Investors are returning to gold and the SPDR Gold Trust (ETF) (NYSEARCA:GLD) after the U.S. Federal Reserve failed to provide a clear path to interest rate hikes this year. Growing fears of another round of crude oil price slump following reports of higher gasoline inventory in the U.S. is another reason investors are trying to play safe.
Gold futures for December delivery spiked to a session high of $1,350.35 in the early morning hours of European trading. The price of the yellow metal was seen rising 0.14% at around 08:20GMT.
Gold prices also lifted about 0.86% in Asian trading earlier in the day to trade at $1,346.05 a troy ounce.
Other precious metals
Investors were also seen with appetite for other precious metals such as copper and silver. The prices of silver contracts for September delivery rose 2.3% to $20.46 a troy ounce in morning trading in London and copper contracts for September delivery rose 1.1% to trade at $2.208 a pound during the same morning hour trading.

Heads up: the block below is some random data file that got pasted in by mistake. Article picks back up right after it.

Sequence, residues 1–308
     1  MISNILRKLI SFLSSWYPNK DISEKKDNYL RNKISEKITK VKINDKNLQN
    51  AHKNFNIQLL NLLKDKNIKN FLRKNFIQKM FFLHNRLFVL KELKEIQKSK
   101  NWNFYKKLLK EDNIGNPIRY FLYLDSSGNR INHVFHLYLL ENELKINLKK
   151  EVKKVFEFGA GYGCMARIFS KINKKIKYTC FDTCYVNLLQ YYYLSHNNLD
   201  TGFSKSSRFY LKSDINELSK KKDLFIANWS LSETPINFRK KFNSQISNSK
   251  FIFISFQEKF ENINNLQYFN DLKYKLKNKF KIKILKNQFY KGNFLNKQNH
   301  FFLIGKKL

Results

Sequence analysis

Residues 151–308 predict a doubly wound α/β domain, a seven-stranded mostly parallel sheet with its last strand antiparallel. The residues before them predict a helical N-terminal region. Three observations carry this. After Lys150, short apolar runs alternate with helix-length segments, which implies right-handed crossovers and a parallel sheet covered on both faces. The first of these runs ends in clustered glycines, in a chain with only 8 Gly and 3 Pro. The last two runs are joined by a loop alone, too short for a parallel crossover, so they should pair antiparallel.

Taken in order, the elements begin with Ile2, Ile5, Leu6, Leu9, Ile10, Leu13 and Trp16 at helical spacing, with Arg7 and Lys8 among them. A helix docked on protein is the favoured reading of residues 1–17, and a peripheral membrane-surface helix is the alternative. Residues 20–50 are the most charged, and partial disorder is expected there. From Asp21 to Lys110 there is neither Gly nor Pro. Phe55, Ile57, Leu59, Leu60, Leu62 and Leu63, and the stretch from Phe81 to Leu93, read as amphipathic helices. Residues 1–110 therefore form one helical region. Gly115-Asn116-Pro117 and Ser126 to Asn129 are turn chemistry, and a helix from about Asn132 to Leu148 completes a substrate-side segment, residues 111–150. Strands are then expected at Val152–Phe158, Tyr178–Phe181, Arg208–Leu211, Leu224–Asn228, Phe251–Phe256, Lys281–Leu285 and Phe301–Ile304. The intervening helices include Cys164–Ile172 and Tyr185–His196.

Appetite for safe-havens
Though the Fed said that near-term risks to the U.S. economy had diminished, the central bank failed to make a firm commitment to raise interest rates any time soon. The dollar weakened against a basket of major rivals including yen following the Fed’s cloudy stand on the future of interest rates.
Lower interest rates favor gold trading because it douses investor appetite for yield-bearing assets. A weaker dollar also makes dollar-priced gold cheaper for foreign investors holding currencies other than the greenback.
The sliding crude oil and the iPath S&P GSCI Crude Oil Total Return (NYSEARCA:OIL) also appeared to inspire defensive trading among many investors, thus driving demand for gold and other safe-havens. Crude oil contracts for September delivery fell to a session low of just $41.86 a barrel.
The shock in the oil market has come from a rising number of active rigs and expanding crude oil stockpiles in the U.S. It was revealed that crude oil inventories in the U.S. increased by 1.7 million barrels in the last week, a sign that another round of a supply glut was building up.